Freaks and Geeks is a special show. The fact that it only aired for one season (A mere 18 episodes on NBC, way back in 1999) is a crime against humanity. The show has so much going for it. It’s smart and funny. It’s emotional without being cheesy. The characters are fantastic and it involved a group of seriously talented, cool individuals.
There were the “freaks”: The show’s star, Lindsay Weir, was played by Linda Cardellini who went on to play one of my favorite characters on a little show called ER. Her friends were played by James Franco (known for Spider-Man, Pineapple Express, Eat Pray Love, and for being incredibly interesting), Jason Segel (known for How I Met Your Mother, Forgetting Sarah Marshall, and hopefully for bringing back The Muppets), Seth Rogen (known for The 40-Year-Old Virgin, Knocked Up, and pretty much anything else Judd Apatow does) and Busy Phillips (also known for ER, and now hilarious on Cougar Town).
There were the “geeks”: Lindsay’s brother Sam was played by John Francis Daley, who now appears on Bones. His friends were played by Samm Levine (who I’ve seen in I Love You Beth Cooper, Inglourious Basterds, and many TV guest spots) and Martin Starr (who’s been in Party Down, Knocked Up and Adventureland).
You can also spot Judd Apatow’s wife, the very funny Leslie Mann, as a teacher in a few episodes, as well as Dave “Gruber” Allen as a guidance counselor – he was the town troubadour on Gilmore Girls and is known for the TV show Higgins Boys and Gruber.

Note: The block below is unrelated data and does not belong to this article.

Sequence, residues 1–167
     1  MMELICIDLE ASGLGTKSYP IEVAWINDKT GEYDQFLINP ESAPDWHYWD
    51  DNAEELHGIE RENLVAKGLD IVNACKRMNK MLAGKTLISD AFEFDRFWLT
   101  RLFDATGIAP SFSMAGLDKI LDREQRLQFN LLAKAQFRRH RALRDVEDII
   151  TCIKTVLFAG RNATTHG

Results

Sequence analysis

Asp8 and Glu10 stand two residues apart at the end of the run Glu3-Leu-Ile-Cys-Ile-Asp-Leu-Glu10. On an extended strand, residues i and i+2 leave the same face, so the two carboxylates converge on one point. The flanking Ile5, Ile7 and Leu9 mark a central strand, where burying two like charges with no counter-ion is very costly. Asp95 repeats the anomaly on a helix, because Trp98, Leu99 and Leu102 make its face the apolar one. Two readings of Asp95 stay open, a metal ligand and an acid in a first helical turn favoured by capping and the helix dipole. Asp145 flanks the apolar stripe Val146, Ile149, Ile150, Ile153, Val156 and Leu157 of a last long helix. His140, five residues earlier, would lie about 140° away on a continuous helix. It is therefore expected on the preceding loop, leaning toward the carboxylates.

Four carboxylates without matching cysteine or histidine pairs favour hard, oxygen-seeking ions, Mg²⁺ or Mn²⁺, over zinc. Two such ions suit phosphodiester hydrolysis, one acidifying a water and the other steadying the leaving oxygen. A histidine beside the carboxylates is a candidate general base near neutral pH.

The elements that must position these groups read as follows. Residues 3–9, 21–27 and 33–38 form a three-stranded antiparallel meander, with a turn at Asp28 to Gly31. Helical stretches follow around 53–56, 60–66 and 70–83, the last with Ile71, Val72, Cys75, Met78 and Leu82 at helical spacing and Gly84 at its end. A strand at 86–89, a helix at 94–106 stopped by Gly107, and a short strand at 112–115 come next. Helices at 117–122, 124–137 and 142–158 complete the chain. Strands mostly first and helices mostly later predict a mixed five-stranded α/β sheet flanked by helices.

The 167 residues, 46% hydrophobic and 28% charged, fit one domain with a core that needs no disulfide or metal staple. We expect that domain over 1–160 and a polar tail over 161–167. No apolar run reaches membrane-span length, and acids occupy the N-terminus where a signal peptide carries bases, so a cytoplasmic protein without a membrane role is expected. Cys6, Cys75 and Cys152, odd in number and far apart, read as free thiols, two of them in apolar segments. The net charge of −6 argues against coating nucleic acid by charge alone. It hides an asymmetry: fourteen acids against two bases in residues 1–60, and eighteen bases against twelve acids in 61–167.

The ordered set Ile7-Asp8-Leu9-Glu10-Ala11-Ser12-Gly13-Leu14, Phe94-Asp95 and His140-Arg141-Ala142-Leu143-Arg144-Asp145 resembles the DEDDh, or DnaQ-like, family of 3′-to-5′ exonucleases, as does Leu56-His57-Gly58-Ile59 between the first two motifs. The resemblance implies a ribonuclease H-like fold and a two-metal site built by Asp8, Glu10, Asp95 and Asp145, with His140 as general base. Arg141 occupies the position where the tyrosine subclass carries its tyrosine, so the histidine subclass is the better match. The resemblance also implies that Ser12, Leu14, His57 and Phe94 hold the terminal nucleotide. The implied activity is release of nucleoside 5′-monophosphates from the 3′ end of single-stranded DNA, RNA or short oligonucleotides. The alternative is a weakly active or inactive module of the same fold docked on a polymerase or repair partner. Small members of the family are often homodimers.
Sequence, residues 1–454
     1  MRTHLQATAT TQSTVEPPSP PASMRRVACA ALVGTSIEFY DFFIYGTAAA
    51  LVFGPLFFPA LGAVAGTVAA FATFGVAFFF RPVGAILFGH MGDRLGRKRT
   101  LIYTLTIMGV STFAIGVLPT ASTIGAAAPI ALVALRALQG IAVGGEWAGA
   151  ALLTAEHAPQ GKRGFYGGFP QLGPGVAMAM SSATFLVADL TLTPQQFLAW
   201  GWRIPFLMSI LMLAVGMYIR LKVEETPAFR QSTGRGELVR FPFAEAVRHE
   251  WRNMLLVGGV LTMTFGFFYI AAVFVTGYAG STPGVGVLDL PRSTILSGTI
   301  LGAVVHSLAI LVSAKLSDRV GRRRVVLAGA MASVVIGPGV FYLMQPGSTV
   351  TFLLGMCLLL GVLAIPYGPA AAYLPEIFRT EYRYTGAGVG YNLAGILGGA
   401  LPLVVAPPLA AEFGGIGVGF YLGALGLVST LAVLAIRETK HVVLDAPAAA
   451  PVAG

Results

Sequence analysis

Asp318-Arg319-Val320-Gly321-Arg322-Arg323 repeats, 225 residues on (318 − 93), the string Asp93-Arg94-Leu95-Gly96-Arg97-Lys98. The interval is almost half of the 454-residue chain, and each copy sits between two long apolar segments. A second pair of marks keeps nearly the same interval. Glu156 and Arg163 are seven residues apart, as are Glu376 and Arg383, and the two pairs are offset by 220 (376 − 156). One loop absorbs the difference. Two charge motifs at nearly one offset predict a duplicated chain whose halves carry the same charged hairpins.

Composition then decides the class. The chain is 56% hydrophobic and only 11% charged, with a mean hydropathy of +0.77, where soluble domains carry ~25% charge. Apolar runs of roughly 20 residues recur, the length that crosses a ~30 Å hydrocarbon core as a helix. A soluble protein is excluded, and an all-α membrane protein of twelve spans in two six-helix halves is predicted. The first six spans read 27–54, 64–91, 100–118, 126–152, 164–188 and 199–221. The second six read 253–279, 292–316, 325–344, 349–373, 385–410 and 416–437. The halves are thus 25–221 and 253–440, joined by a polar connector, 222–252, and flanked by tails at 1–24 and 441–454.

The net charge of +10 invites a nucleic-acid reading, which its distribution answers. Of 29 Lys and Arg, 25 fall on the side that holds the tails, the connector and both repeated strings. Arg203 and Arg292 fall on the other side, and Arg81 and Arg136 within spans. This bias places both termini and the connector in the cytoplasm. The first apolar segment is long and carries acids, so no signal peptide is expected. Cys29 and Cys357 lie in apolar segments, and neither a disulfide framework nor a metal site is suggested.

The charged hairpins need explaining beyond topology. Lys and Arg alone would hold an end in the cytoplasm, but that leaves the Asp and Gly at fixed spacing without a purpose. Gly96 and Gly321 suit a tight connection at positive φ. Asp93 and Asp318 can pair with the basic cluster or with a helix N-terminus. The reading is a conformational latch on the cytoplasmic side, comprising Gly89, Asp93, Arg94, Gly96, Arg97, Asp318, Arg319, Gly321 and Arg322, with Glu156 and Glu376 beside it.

The show centers around the Weir family. Lindsay and her younger brother Sam are both attending high school in 1980. The focus of the show is on Lindsay’s recent transition from being a nerdy, brainiac mathlete with nerdy, brainiac, mathlete friends to hanging out with the “freaks” – pot-smoking slackers. But despite the stress and confusion this causes her conservative parents, Lindsay is never overly rebellious or troubled. She’s just trying to find herself.
Lindsay’s younger brother Sam is a classic nerd with even nerdier friends. They’ve entered their freshman year and watching them try to navigate the social hierarchy of high school without turning their backs on things they enjoy, like Star Wars, rockets and Dungeons & Dragons, is hilarious.
Overall, the show strikes the perfect balance of heart and humor. There are some very memorable comedic moments – Lindsay’s party guests getting “drunk” off non-alcoholic beer, Sam’s ongoing crush on a cute cheerleader, Lindsay’s ill-fated experimentation with marijuana, and Sam wearing a powder blue disco jumpsuit to school immediately come to mind. But there are also some complex emotional storylines that could have made this show a great series, if only it had been given the chance. In particular, the episodes where we dive deeper into the home lives of Lindsay’s “freak” friends are what sets this show apart from other, as it exposed how they ended up on the fringes of high school society.
Ultimately, Freaks and Geeks is a show about high school kids trying to figure out who they are in early 1980s America. But the show does it better than anyone else. With only one season, Freaks and Geeks grabs you. It captures your imagination and your heart. The nature of the show – nothing gets tied up with a bow, because producers and writers hoped the show would get renewed for a second season – means when it ends, you wonder what happened to the characters. But still, years later, I find myself wondering what happened to those crazy kids. What happened the following years, as they finished up high school? Where would they be now, ten years later? These questions, and the way the show has gained fans over time, are a testament to how amazing Freaks and Geeks truly is.